Most of us recognize SanDisk because of its flash drives, memory cards, and other forms of portable storage media. But so far I’ve been pleasantly surprised at their relatively fluid extension into the portable music player world. Not only does the Sansa e260 carry out its advertised functions smoothly, but it brings a SanDisk flair by allowing the user to upgrade the players’ storage capacity with a MicroSD card slot.
I bought the e260 on Amazon.com while it was on sale, so the final cost was about $88.00 including shipping. As I check right now, it’s selling for $99.99 with free shipping. Oddly enough however, it’s not really selling anywhere else. I didn’t bother to do much research on the matter, but other Sansa models currently on the market include the Clip, the Fuze, and the View, all for sale on the SanDisk website, unlike the e200 series.
I disregarded these other products relatively quickly, and I was avoiding the iPod and the Zune like the plague. I have a personal vendetta against both Apple’s and Microsoft's media giants, both for their near-monopoly over the market and for their ridiculous consumer indulgences. I didn’t need my mp3 player to come in cute, customizable colors. I don’t want to put every single piece of media that I own into one pocket-sized device so that I could watch movies on a 3 inch screen. And I really didn’t want to drop 150-300 bucks because I’m a miser.
The biggest seller for me from was the user replaceable battery. I’ve seen far too many cell phones and mp3 players that have to be charged every 2 hours. I’ve seen too many devices replaced for just this one little failure. I didn’t want to have to send my precious mp3 player through the mail to a company store in another state simply because because my product was made to be utterly tamper-safe. Replacement batteries can be found for about $20, and are easily installed with just a simple screw-driver to take the casing apart.
My impressions of this product have been positive, thus far. The FM radio comes in strong and tuning is simple. It has a microphone for creating voice recordings, and the playback is solid. The physical scroll wheel is as effective as it’s touch-sensing alternative. The battery lasted a healthy six to eight hours of music play time time during its first week of use, and I haven’t seen any noticeable drop-off yet. The user interface is straightforward – all menu items are clearly labeled and include graphics when appropriate. The system is easy to navigate through and easy to understand. The player is light-weight while still remaining pretty scratch resistant and solid. Aesthetically, it’s perfectly sleek with it’s shiny black front and metallic silver back. You can load pictures on it as well, but I’m not sure why I would want to (perhaps I could guess if I remembered it was made by SanDisk, makers of portable storage media).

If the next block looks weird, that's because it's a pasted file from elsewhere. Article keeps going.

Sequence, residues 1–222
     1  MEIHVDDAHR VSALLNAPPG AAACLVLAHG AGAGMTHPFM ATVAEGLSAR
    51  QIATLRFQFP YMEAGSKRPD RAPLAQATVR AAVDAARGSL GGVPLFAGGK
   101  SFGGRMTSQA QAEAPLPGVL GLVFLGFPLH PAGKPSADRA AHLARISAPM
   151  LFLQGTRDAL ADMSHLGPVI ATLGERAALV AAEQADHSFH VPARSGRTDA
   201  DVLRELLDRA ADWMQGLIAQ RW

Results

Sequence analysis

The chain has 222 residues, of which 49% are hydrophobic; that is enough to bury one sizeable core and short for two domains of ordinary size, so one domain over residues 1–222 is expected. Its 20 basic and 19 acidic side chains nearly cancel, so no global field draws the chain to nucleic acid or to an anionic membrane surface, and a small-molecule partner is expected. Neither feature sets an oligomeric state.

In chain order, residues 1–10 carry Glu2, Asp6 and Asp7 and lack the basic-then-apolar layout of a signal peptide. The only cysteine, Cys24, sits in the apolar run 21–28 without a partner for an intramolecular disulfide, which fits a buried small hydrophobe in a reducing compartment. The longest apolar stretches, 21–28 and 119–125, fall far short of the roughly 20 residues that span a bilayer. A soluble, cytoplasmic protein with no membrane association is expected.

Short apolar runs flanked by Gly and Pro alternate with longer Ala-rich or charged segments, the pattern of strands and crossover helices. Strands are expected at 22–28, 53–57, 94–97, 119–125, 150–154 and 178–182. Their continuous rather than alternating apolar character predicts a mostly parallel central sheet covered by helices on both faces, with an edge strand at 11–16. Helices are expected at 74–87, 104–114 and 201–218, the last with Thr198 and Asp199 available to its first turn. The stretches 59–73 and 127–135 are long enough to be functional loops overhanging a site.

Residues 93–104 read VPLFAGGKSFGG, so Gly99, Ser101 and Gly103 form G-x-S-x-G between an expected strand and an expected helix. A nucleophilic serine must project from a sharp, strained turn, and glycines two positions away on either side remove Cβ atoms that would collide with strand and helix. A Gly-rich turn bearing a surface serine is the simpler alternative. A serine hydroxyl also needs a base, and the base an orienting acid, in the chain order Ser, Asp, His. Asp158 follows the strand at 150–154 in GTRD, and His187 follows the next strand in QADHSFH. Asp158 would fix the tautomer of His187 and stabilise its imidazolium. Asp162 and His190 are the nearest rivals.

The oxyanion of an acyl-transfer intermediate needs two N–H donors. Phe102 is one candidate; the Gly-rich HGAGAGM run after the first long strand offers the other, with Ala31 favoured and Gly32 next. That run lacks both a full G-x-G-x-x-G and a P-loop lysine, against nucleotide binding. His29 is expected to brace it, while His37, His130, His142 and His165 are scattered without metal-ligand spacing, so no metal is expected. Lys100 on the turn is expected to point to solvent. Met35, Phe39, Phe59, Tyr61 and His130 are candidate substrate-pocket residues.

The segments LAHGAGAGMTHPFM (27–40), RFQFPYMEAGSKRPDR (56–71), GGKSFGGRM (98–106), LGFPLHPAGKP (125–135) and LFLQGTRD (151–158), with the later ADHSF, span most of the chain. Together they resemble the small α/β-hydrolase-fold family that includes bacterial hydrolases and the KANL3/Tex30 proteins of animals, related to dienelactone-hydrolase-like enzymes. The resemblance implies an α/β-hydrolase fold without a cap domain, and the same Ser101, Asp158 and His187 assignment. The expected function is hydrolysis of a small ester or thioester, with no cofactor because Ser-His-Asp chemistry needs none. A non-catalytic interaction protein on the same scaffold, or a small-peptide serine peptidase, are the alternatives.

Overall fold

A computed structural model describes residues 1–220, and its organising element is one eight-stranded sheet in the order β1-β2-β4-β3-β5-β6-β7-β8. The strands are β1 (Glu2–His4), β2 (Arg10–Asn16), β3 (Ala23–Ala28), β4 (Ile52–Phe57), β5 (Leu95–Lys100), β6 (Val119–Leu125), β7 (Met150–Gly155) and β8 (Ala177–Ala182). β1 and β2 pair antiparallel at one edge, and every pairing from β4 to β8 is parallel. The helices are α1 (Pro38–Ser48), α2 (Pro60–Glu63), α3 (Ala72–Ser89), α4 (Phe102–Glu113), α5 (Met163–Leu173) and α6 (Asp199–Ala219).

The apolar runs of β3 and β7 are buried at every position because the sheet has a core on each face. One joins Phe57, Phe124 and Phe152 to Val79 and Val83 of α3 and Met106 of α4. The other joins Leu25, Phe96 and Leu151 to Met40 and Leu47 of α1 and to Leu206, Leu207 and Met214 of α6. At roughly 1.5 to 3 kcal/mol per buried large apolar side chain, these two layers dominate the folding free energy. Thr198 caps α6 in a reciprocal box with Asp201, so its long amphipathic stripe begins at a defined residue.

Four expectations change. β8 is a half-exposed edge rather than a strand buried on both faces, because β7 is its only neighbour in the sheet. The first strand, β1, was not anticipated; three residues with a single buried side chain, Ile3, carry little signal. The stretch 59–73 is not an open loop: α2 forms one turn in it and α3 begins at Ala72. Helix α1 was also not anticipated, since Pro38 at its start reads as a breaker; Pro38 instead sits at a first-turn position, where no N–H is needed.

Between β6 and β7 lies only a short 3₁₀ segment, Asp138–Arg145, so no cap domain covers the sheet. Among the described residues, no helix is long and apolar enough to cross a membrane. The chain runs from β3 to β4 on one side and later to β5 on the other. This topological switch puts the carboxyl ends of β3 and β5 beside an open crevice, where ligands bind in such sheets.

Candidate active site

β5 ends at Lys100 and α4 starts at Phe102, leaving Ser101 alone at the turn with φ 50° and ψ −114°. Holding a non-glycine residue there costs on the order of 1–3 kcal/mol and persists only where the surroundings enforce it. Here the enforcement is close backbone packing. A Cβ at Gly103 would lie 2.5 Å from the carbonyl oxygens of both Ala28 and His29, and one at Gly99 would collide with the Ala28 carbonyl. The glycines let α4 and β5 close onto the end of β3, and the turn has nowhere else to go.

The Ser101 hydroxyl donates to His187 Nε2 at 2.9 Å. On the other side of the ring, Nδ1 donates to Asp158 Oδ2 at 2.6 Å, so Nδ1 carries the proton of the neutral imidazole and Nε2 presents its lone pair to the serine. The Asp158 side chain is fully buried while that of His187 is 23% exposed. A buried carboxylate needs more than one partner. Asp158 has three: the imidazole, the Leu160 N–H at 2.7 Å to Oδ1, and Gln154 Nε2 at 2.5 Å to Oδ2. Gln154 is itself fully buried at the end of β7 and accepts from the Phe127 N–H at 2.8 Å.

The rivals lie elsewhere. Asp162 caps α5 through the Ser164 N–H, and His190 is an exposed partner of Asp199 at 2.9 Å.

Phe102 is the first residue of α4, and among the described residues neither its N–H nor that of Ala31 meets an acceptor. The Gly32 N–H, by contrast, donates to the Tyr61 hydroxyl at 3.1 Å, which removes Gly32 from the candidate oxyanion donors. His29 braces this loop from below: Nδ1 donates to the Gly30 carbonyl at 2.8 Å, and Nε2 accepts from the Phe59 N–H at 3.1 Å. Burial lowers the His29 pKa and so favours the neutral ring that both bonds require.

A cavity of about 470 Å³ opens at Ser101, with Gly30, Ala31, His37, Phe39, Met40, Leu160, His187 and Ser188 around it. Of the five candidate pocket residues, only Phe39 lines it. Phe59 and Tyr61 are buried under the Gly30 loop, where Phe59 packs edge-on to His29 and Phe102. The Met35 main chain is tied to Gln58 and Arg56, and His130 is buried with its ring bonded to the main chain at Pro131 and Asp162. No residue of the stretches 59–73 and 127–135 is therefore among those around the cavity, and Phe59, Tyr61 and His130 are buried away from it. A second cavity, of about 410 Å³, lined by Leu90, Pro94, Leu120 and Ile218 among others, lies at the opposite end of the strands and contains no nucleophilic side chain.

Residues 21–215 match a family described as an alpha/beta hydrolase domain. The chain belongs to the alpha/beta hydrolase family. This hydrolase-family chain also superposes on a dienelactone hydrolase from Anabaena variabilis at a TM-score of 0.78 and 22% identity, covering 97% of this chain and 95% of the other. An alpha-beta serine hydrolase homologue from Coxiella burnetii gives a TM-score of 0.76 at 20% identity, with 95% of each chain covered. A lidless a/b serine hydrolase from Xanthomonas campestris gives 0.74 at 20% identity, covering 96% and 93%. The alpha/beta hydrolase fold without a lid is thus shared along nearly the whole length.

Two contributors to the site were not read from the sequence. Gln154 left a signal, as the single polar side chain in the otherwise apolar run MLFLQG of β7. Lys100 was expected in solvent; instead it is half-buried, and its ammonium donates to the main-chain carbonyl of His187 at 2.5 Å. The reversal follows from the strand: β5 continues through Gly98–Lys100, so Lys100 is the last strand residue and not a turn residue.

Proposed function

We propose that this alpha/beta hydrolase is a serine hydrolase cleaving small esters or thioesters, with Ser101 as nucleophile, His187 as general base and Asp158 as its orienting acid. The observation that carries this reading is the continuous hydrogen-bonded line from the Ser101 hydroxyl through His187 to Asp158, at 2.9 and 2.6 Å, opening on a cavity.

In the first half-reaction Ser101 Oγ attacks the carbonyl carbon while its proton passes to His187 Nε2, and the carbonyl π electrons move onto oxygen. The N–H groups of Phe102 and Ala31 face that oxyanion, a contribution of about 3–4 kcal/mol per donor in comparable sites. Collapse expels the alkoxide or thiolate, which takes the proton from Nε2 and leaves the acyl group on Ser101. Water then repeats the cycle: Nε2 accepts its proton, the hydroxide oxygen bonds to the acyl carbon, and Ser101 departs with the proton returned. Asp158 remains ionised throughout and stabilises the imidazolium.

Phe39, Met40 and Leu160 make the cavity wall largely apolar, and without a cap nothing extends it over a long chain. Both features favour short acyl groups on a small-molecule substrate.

The device interfaces with your computer through Windows Media Player. This forced me to recall that SanDisk is a sub-company of Microsoft, foiling my idea to try to beat The Man, but I quickly came to terms with that. If you’re not into the WMP scene, the device gives you option to treat it – surprise! - like a portable storage medium, and you can simply drag and drop files and folders straight through windows (sorry for all you Mac users out there, but having never owned one, I can’t reliably tell you how it works with one).
Playlists are created through WMP, though it gives you the option to create a Go List within the device. Unfortunately, it lacks the ability to create any other playlists of your own choosing within the player, and I found this fact a little disappointing.
I admit there have been some other flaws as well, despite an otherwise glowing review. I was promised that I would receive it with a fully charged battery, but that turned out to be a lie. It only comes with a USB charger [AC adapter sold separately], and my first attempt to charge it on my computer was a failure – it never admitted it was fully charged even though seven hours had passed. I used it anyway, and subsequent charges seem to have worked as expected, charging it to full in about three hours. The display scratches easily (or maybe my purse is a more brutal environment than I’m willing to admit), and within a week inside I was forced to buy a thick plastic cover to keep it safe and new-looking.
But besides these minor issues, I’ve been thrilled with it, especially for the price. Engadget and cnet both have good things to say about it as well, which bolstered my confidence during my research process. I haven’t tried loading any movies or TV shows on it, but I imagine they compress perfectly via the product-specific compression software included in the package. The screen is too tiny to make it worth it for me; I don’t really like watching 2-inch TV shows.
If you’re interested in an mp3 player and you have a budget, or you’re opposed to Apple products like I am but the Zune is too far out of your price range, then I definitely recommend this product. However, since I can’t find it anywhere but Amazon and second-hand internet sellers, I’m worried I’m behind the times. Maybe it’s no longer produced, but that doesn’t seem to have stopped Amazon. Perhaps I’ll do some research on that later, but no promises. It isn’t perfect, but it’s a solid competitor in the market. Plus, in a few weeks when I buy an 8GB MicroSD card, I’ll like it even more!